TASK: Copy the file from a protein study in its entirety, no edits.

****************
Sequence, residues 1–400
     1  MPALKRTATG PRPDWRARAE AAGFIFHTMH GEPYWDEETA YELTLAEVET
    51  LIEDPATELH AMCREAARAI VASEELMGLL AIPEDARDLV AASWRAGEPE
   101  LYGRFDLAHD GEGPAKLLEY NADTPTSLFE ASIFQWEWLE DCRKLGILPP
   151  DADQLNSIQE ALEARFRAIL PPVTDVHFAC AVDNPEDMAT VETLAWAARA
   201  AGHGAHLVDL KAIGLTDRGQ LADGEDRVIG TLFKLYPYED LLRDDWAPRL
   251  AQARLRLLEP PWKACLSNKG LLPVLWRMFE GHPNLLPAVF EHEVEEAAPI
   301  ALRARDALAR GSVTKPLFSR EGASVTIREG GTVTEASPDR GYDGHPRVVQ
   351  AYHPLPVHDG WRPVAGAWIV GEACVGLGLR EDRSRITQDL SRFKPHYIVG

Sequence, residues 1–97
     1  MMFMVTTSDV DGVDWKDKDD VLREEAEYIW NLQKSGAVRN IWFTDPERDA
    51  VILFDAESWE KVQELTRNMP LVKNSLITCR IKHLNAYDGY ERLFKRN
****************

Sequence, residues 1–400
     1  MPALKRTATG PRPDWRARAE AAGFIFHTMH GEPYWDEETA YELTLAEVET
    51  LIEDPATELH AMCREAARAI VASEELMGLL AIPEDARDLV AASWRAGEPE
   101  LYGRFDLAHD GEGPAKLLEY NADTPTSLFE ASIFQWEWLE DCRKLGILPP
   151  DADQLNSIQE ALEARFRAIL PPVTDVHFAC AVDNPEDMAT VETLAWAARA
   201  AGHGAHLVDL KAIGLTDRGQ LADGEDRVIG TLFKLYPYED LLRDDWAPRL
   251  AQARLRLLEP PWKACLSNKG LLPVLWRMFE GHPNLLPAVF EHEVEEAAPI
   301  ALRARDALAR GSVTKPLFSR EGASVTIREG GTVTEASPDR GYDGHPRVVQ
   351  AYHPLPVHDG WRPVAGAWIV GEACVGLGLR EDRSRITQDL SRFKPHYIVG

Sequence, residues 1–97
     1  MMFMVTTSDV DGVDWKDKDD VLREEAEYIW NLQKSGAVRN IWFTDPERDA
    51  VILFDAESWE KVQELTRNMP LVKNSLITCR IKHLNAYDGY ERLFKRN